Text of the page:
Gomukh or Gaumukh is actually the end point (or if you view from another angle, the starting point of the Gangotri Glacier, from where the Bhagirathi river has its birth. The Bhagirathi is one of the main streams that later merge into the Alaknanda river at Devprayag in Uttarakhand It gives rise to the river we all call by the name Ganga or Ganges. Gaumukh literally means “cow’s face”, essentially depicting the shape of the snout. However, the snout is no longer in that shape now.
Gomukh is located inside the Gangotri National Park and is accessible only by foot (trek). The starting point of the trek is from Gangotri, so one has to reach Gangotri first. The entire route from Gangotri to Gaumukh is filled with natural beauty. The Bhagirathi river will keep you company until the end. That apart, one can see many snow clad mountains, including the Bhagirathi group and Mount Shivling and a host of other peaks. For those into wildlife, you can spot ‘Bharals’ or the blue sheep on the route. And then you have vegetation that gets sparse as you ascend, giving you a feeling of being in Ladakh.
In today’s article, I am going to share with you the details about making a trip to Gaumukh and finish this comprehensive Gaumukh Travel Guide with my next part that will talk about remaining sections of the Gaumukh trek. Hence, this two-part series of articles will help you know all about traveling to Gangotri and doing the trek to Gaumukh from Gangotri.
Gaumukh is recognized as the birth of the river Ganga – both mythologically and also by geographers. The river at Gaumukh is called Bhagirathi, and when there are multiple rivers like the Alakananda or Mandakini, which could also be considered as the source of Ganga, it is the Bhagirathi that everyone considers as the birth of Ganga. Seems like there is a mythological angle to all these stories. “The ancestors of King Bhagiratha were performing an Ashwamedha Yagya and Lord Indra, due to his jealousy, hid the horse. In search of the horse, the ancestors reached a place where sage Kapila was meditating, thereby disturbing his penance. In a fit of rage, the sage reduced his ancestors to the ashes. The ancestors would reach the ‘pitru loka’ only if the ashes were immersed in the Ganga, and so lord Bagiratha performed severe penance to get Ganga to the earth, by pleasing Lord Shiva, on whose head Ganga was residing. Lord Shiva, pleased with his penance, agreed to let Ganga to earth through his matted hair – and she reached earth first at Gaumukh. Bagiratha then led her to the place where the ashes were, so she could flow over it and Bagiratha’s ancestors could then reach the ‘pitru loka’ by washing away of their sins.“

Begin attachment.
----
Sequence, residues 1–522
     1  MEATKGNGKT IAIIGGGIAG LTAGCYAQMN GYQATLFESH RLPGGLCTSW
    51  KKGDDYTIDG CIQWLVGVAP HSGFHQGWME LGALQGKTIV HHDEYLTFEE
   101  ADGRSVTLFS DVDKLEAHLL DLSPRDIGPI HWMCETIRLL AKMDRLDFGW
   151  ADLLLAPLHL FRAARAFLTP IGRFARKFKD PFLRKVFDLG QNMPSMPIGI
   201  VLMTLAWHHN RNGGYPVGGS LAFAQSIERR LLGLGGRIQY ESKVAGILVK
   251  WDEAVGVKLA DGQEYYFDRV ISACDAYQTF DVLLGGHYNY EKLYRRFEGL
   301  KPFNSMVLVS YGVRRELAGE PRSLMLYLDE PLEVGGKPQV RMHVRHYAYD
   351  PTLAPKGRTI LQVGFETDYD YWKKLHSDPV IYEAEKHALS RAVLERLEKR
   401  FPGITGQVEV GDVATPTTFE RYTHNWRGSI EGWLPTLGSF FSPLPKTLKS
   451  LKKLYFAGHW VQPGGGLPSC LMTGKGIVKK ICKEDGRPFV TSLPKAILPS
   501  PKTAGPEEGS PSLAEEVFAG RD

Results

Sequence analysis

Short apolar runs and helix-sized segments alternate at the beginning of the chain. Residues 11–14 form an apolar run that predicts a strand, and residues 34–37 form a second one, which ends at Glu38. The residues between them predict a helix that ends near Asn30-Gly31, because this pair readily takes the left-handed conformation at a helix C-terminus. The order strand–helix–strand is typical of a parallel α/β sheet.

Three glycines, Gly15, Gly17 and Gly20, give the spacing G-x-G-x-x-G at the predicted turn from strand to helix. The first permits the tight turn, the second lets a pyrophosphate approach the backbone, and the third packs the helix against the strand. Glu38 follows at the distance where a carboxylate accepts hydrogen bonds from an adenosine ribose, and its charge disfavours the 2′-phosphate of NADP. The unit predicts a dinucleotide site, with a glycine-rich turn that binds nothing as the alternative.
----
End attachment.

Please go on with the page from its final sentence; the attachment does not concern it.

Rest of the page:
Since it was Bagiratha who brought Ganga to the earth, the river is called Bhagirathi. Note that only after the confluence of Alakananda with Bhagirathi at Devprayag, the river is called as the Ganga, that we know about as great rivers of the India.
Gaumukh is located in the Uttarkashi district of Garhwal, Uttarakhand. Gaumukh is around 18 KMs from Gangotri and about 45 KMs from Harsil. Gaumukh is located at an altitude of 4000 Mtrs (13120 feet) and the base point Gangotri is at about 3415m (11200 ft). Gangotri Dham is one of the Char Dhams of Uttarakhand and I will share detailed travel guides for both Harsil and Gangotri in next few articles.
By Road :Government owned buses are available to Gangotri from cities like Haridwar, Rishikesh, Mussoorie, Rishikesh, Dehradun, Tehri and Yamunotri.
By Train :The closest railway station is located in Haridwar at a distance of 230 km from Gangotri. This station is well connected to major cities like Delhi, Dehradun, and Allahabad by frequent trains. Tourist can avail taxis from this station to Gangotri.
By Air :Jolly Grant Airport is the nearest airbase located at a distance of 229 km from Gangotri. Indira Gandhi International Airport is connected to this airport by regular flights. Taxis are available from Jolly Grant Airport to the town of Gangotri.
Gangotri is exquisite alpine country. Deodars march in serried ranks and gorges plunge,sliced by the bustling Bhagirathi. The drive will take you past the settlement of Bhairon Ghati and into the single traffic-choked streets of Gangotri. Here the river is joined by its tributary, the Kedar Ganga, rising in the glacier lake of Kedar Tal. Together they gush down the toffee-colored rocks of Gauri Kund and flow down the Himalayas. Here too. Celebrated in Hindu mythology and religion, the Garhwal Himalayas are said to be the "Abode of the Gods".
During winters, due to a large amount of snow, it would not be possible to reach Gaumukh, and even the entry into the national park may be prohibited. The best season to travel or trek to Gaumukh is from May to October. This season also coincides with the Char Dham yatra season as well. You can pull off the trek to Gaumukh in the shoulder months too but not with much ease. However, during July to mid-August, due to the monsoons and heavy rainfall, it really wouldn’t make sense to make a trip or trek to Gaumukh. May-June and Sep-Oct are the best months for traveling or trekking to Gaumukh.
Gaumukh Trek : The Gaumukh trek is one of the most hard treks in Northern India.The trek to Gaumukh starts from Gangotri glacier, and 18 km from Gaumukh. The path is heavily distribute with rocks and stones from the 2013 NORTH indian inundation, walk with attention. On this path of 18th kms, 9 kms on one will face the abode of the Chir trees, known as Chirbasa. Since there are no horses or ponies available, unlike other treks, make sure to pack yourself well with resources strong enough to last you the whole trek. 4 kms on, is the trek of Bhujbhasa, which is also one of the pit stops for the regular trekkers. The Lalbaba and Rambaba ashrams, as well as the government run GMVN Bungalow are the accomodation options available for the pitstop. After reaching Gomukh, trekkers usually follow-up with a 3 km trek to Tapovan as well.